Team USA snagged their first gold medal at the 2022 Beijing Winter Olympics. And the Biden administration denounced Florida’s proposed “Don’t Say Gay” bill for schools.
👋 It’s Laura here! I’d never heard of snowboardcross until today. It’s Wednesday! Here’s the news.
But first, lions, kangaroos and bears, oh my! 🐻 You gotta check these pictures out. the best wildlife photos of the year by folks from all around the world.
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Mask mandates coming down
New York state will end a mandate requiring face coverings in most indoor public settings but will keep school masking rules in place, Gov. Kathy Hochul announced Wednesday. New York is the latest in a long line of states to roll back mask mandates amid a decline in daily infection and hospitalization numbers. Later in the day, Illinois Gov. JB Pritzker said his state will follow a similar path, joining the ranks of fellow Democratic governors in rescinding some mandates as COVID-19 cases drop rapidly across the country. The Centers for Disease Control and Prevention said Wednesday it continues to recommend masking in areas of substantial transmission – most of the nation.
Team USA snags its first gold of the Games
Team USA finally earned its first gold medal at the 2022 Beijing Olympics. Lindsey Jacobellis, competing in her fifth Winter Games, won gold in the snowboardcross competition Wednesday. Her previous best finish was winning silver at the 2006 Olympics. Another stunning mistake took American skiing star Mikaela Shiffrin out of contention for a medal in her second consecutive event at the Olympics. Shaun White and Chloe Kim advanced to the finals of the men’s and women’s halfpipe competitions. White, a three-time gold medalist in the event, is competing in his final Games. Freeskier Colby Stevenson soared onto the podium in the men’s big air competition. Looking for a recap of Tuesday’s events? We’ve got you covered.
What everyone’s talking about
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Biden slams Florida’s ‘Don’t Say Gay’ bill as ‘hateful’
The Biden administration denounced a bill advanced by Florida Republicans that would ban the discussion of gender identity and sexual orientation in schools. The bill says teachers “may not encourage classroom discussion about sexual orientation or gender identity” in primary schools “or in a manner that is not age-appropriate or developmentally appropriate for students.” It doesn’t offer definitions on what would be appropriate. On Monday, Florida Gov. Ron DeSantis voiced his support for the bill. Conservative advocates argued the bill would advance “parental rights in education” by allowing parents to sue public schools discussing LGBTQ issues. Opponents said the “Don’t Say Gay” legislation would create a more hostile environment for LGBTQ students. Biden voiced his disapproval in a tweet, saying he wants “every member of the LGBTQI+ community – especially the kids who will be impacted by this hateful bill – to know that you are loved and accepted just as you are.”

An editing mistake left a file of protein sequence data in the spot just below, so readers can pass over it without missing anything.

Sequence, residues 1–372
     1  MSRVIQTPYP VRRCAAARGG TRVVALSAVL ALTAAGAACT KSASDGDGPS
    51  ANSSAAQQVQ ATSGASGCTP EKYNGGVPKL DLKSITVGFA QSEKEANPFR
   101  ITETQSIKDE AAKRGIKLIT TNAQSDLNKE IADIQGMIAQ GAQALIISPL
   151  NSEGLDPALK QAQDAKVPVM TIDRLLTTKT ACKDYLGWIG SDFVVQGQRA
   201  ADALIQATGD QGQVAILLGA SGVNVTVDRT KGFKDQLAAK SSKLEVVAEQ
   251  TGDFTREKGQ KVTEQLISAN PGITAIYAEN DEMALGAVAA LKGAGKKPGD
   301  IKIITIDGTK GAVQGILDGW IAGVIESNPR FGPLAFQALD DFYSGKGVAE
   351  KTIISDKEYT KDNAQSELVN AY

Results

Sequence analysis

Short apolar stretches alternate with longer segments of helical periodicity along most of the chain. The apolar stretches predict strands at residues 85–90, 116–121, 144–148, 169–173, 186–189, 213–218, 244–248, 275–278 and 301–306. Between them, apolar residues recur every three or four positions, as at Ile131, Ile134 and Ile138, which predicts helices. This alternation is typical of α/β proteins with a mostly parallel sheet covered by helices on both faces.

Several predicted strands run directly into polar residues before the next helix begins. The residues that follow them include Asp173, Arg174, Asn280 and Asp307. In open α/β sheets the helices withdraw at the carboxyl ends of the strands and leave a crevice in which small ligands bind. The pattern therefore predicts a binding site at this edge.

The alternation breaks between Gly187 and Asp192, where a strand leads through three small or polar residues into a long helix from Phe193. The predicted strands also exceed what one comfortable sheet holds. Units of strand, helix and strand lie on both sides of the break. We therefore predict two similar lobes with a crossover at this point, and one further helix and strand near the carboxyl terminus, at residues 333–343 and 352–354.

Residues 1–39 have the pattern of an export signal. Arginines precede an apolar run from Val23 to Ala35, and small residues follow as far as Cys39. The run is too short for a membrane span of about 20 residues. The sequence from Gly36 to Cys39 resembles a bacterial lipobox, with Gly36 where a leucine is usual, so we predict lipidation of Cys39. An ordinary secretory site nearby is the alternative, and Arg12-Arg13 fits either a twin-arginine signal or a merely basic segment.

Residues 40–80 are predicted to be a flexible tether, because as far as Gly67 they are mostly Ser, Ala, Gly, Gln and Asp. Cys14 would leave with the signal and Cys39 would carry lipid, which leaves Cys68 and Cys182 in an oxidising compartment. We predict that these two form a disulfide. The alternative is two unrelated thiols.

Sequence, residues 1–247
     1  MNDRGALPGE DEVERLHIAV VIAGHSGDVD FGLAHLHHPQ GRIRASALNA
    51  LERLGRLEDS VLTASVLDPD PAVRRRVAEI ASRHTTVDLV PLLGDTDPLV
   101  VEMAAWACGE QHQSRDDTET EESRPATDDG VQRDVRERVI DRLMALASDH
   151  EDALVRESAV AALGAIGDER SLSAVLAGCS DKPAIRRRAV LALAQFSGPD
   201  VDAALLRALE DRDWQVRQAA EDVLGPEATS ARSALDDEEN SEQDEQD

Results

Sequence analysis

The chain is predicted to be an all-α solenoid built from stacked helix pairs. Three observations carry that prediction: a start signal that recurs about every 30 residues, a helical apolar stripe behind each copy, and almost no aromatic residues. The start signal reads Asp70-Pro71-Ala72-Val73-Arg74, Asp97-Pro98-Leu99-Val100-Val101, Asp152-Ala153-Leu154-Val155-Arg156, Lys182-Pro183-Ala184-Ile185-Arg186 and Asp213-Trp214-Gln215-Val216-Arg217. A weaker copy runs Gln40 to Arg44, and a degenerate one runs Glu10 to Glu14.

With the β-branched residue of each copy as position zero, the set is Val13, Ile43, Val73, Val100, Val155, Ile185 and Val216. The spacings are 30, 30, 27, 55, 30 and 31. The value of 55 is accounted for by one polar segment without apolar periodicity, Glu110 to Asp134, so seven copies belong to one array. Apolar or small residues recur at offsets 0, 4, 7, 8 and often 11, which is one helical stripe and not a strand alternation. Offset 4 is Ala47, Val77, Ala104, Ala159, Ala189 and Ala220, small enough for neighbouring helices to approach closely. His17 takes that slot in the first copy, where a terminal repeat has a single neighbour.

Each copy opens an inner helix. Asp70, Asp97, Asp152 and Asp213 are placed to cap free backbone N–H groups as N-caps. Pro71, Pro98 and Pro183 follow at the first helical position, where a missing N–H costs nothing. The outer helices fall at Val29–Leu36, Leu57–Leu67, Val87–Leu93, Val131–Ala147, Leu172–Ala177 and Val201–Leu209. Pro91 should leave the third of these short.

National Archives gets its records back from Trump
Breaking up is hard to do. Whether it’s a cardigan or your favorite record, things are bound to get lost in the shuffle. When President Donald Trump left office in 2021, he took 15 boxes of stuff back to Mar-a-Lago with him that he shouldn’t have. Last month, the National Archives took those boxes back. Keeping the boxes of records at Mar-a-Lago violated the Presidential Records Act, which requires the government to keep all documents and communications related to a president’s or vice president’s official duties. Trump’s representatives continue to search for additional records that belong to the National Archives, the agency said. Trump advisers told The Washington Post that they deny “any nefarious intent” and that the 15 boxes contained “mementos, gifts, letters from world leaders and other correspondence.”
You’re more likely to die from COVID-19 in the US than other wealthy nations
Although the omicron variant of the coronavirus appears less likely to cause severe disease compared with previous dominating strains, the USA is still experiencing more COVID-19 deaths than at any other point in the pandemic. The US case fatality rate – the ratio between confirmed deaths and confirmed cases – has decreased from 1.63% since the height of the delta wave on Sept. 1 to 1.18% as of Feb. 6, according to Our World in Data. Although the country’s case fatality rate during the delta wave was below other high-income countries, it’s now among the highest. Health experts worry the USA may be falling behind the progress against the virus made by other countries. Low vaccination and booster rates, lack of testing and consequences from an imperfect health system have stunted US progress in the pandemic, leading to more COVID-19 deaths and a higher case fatality rate, health experts say. Read more here.
A break from the news
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George is Digismak’s reported cum editor with 13 years of experience in Journalism